“I have here the ultimate and principal pledge that you need to be a good missionary: honour Mary and love God a lot.” (“Carta al misionero Teófilo”, en Sermones de Misión. Barcelona 1858, vol. I, p. 26).

THE TWO GREAT LOVES

When Claret was giving missions on Grand Canary he lamented the deficient formation of the priests of that island: it was of the Jansenist tendency.  This was a very widespread trend in the 17th and 18th Centuries, which brought a rigorous morality to spirituality and a lamentable lack of the tenderness of God the Father.  Given this, the devotion to the Hearts of Jesus and Mary had a great role to play.

Claret, perhaps predisposed to be ‘naturally very compassionate’ (Aut 9), understood God as the prodigal Father, who organized a feast for the return of his rebellious son.  By the year 1847 it seems that Claret was aware of the Report of the Arch-confraternity of the Heart of Mary that was operating in the Church of Our Lady of Victories in Paris; they venerated Mary especially as ‘refuge of sinners’.  This gave a new touch to the spirituality and to the apostolic technique of Claret: Mary the ‘refuge’.  He perceived in her a faithful reflection of the tenderness of God.  He was not one of those preachers who attributed to God justice and to Mary compassion.  His God was a compassionate father.  But that did not deny space to Mary: he saw her as a model, as a teacher, as a ‘mediator’; she was the ‘neck’ between Christ as Head and Church as Body.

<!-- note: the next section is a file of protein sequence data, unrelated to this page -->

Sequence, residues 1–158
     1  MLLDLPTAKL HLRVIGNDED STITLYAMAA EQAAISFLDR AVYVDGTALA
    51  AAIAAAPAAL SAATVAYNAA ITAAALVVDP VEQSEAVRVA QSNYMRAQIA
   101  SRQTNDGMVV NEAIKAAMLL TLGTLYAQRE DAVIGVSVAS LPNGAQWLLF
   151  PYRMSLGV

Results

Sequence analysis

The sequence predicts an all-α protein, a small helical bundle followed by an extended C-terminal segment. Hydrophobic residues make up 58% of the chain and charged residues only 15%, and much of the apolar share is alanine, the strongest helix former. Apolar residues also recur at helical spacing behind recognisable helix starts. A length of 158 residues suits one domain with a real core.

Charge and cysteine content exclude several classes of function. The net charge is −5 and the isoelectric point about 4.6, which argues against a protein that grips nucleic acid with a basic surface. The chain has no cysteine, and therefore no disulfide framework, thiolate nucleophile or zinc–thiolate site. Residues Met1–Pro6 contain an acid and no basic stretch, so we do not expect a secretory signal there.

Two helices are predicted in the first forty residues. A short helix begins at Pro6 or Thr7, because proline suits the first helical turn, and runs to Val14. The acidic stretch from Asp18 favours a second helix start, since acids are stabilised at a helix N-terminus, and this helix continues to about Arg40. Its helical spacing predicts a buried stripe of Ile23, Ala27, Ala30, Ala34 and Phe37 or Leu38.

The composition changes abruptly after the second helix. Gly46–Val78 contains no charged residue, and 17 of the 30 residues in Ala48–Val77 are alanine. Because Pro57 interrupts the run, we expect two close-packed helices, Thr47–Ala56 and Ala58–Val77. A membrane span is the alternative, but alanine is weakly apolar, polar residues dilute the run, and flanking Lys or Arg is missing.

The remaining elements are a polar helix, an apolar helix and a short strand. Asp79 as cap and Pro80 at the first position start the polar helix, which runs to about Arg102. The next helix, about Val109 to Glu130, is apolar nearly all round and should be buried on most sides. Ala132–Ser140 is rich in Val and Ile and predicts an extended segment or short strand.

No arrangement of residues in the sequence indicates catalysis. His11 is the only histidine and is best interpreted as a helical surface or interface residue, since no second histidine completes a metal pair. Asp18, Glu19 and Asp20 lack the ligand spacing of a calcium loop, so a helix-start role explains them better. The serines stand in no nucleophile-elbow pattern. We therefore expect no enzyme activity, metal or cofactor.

Devotion to Mary was commitment, it was love: ‘Minister of Mary’ (Aut 270).  His relationship with God was also one of love.  This is one of the words that appear most frequently in the writings of Claret.  The anecdote told about St. John of Avila is illustrative.  A young priest asked him what he ought to do to become a good preacher, to which the saint replied laconically: ‘love much’ (Aut 270)

Claret wanted Teofilo to be a good missionary and to know that the elemental condition to be one is to have fire inside, that God and Mary mean a lot for him, that the cause of God ‘burns within him’.  The word of a witness cannot be cold or neutral but rather a word of fire.